The Hepatitis C Virus (HCV) is a Ribonucleic Acid Virus (RNA), which affects the Liver cells leading to both acute and chronic infection. It is the most common chronic viral infection in the United States. About 2.7 to 3.9 million people are suffering from chronic HCV infection.
Transmission of HCV is predominantly through direct contact with blood and blood products. Currently, over 50% of reported cases of HCV infection is due to IV drug use and needle sharing. Transmission through sexual intercourse or from an infected mother to her child is very rare.
Symptoms of HCV Infection
Infection with HCV can present as an Acute HCV infection but it is more commonly asymptomatic initially and persists as a chronic illness. Up to 85% of those infected, progress to develop chronic hepatitis.
- Muscle and joint pains
- Skin rash
Chronic infection with HCV is moderate in severity with a rising and falling level of liver enzymes. Over time, there is risk of progression to chronic liver disease. Several non-liver conditions are associated with HCV infection such as
- Cryglobulinemia: This is an elevation in the blood levels of cryoglobulins. These are proteins (predominantly immunoglobulins) which become insoluble at low temperatures. They can cause blood clots and kidney damage.
- Membranoproliferative glomerulonephritis: This is a type of inflammation of the kidney tissue which leads to leakage of protein. The patient may experience blood in the urine and declining kidney function.
- Porphyria cutanea tarda: this is a disease associated with an enzyme defect in the pathway for synthesising haemoglobin. There is accumulation of porphyrins which can lead to a painful blistering skin rash on exposure to sunlight.
Complications of HCV infection
- Cirrhosis of the Liver: This is a chronic scarring and fibrosis of the liver due to persistent viral infection of the liver. This develops in about 20% over 20 t o30 years. This can result in vascular resistance in the veins supplying the liver with back pressure to the abdomen organs. They develop ascites or fluid in the abdominal cavity and an increase in the size of the spleen along with other symptoms of chronic liver failure.
- Liver Cancer: Among those infected with chronic HCV, 5% have the risk of developing liver cancer annually.
Diagnosis of HCV infection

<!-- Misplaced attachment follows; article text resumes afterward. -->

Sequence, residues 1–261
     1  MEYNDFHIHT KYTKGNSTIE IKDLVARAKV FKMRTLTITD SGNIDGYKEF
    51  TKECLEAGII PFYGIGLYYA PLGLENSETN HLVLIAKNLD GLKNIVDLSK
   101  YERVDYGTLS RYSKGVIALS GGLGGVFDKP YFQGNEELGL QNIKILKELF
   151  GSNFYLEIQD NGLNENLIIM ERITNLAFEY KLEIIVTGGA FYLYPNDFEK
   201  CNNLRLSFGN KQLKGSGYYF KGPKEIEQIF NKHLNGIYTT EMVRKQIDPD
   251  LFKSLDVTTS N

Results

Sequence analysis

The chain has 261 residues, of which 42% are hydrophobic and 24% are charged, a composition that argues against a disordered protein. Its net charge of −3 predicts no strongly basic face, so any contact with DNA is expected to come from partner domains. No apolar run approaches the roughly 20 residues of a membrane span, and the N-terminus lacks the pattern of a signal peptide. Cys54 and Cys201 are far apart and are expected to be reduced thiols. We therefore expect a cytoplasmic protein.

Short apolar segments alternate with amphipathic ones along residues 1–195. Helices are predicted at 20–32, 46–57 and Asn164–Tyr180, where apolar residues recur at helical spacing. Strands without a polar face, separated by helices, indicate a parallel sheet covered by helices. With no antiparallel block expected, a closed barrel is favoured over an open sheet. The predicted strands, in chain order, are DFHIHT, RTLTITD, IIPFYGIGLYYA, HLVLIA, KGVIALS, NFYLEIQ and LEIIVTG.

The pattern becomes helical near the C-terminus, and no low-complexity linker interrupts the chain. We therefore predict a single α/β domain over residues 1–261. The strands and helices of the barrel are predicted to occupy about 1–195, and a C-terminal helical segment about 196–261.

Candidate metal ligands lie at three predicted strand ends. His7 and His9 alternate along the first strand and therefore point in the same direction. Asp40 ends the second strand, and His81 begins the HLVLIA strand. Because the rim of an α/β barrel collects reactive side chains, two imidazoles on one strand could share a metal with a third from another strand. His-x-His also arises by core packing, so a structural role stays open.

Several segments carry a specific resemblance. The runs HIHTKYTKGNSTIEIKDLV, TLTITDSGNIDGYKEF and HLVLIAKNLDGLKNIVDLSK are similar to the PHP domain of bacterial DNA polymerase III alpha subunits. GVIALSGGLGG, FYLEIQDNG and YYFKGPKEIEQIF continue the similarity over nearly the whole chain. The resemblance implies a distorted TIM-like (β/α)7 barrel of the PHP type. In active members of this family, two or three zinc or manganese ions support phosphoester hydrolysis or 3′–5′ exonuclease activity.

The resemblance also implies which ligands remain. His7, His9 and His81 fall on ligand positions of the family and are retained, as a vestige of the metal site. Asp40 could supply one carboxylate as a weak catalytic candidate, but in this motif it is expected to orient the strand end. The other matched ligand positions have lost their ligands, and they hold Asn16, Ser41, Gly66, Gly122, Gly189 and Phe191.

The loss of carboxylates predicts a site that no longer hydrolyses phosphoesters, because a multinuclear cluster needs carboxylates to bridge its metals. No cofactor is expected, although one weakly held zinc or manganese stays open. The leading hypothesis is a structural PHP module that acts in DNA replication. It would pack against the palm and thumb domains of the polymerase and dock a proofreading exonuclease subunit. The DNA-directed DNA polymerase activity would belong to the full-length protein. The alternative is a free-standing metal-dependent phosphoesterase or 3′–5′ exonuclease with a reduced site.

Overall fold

In case of an acute illness, HCV infection can be diagnosed using blood tests for serum antibodies against HCV (IgM antibodies). However, most patients with chronic HCV may be completely asymptomatic. Hence, major health organisations like the WHO and CDC recommend screening for the following high risk groups.
- IV drug users, including those who may be former users
- Everyone born between 1945 to 1965 (Baby boomer generation)
- Patients undergoing long term hemodialysis
- Individuals with HIV infection
- Children born to mothers with HCV infection
- People who have received blood transfusion of organ transplants before July 1992
- People who have received clotting factors before 1987
- Health care workers with exposure to HCV positive blood through needle stick injuries
- Individuals known to have received blood or organs from HCV positive individuals
- Antibody Screening: The screening test looks for anti-HCV antibodies. Not: patients who have cleared the virus from the body also have the antibodies.
- Testing for HCV RNA: This test detects virus in the blood stream suing PCR (polymerase chain reaction) and helps to confirm the diagnosis of chronic HCV infection.
- Liver function tests: These test for elevated liver enzymes (ALT and AST)
- Abdominal Ultrasound: This is used to look for cirrhosis of the liver and can also be used to screen for development of Liver cancer.
Treatment of Hepatitis C
Until the last decade, Chronic Hepatitis C was considered un treatable. But now, we have many options of different drug regimens which can provide a cure and clear the body from the body. These are as follows:
- Older medicines: Ribavirin, inferferons
- Newer medicines (directly acting anti- virals): sofosbuvir, ledipasvir, simeprevir etc.
The exact treatment regimen is arrived at by a specialist based on the following factors
- The genotype of the HCV virus infecting the patient
- History of previous intake of anti-HCV treatment
- Extent of liver damage
Prognosis of HCV infection
Without treatment, the patient continues on a gradual course with progressive liver damage. As mentioned above, 20% develop cirrhosis over 20 to 30 years and a majority may develop liver cancer in later years. The newly introduced directly acting antiviral medications can potentially cure individuals with HCV. These are unfortunately very expensive and patients may require assistance from government and private organisations to support the cost.
Prevention of HCV
There is currently no vaccine to protect from HCV infection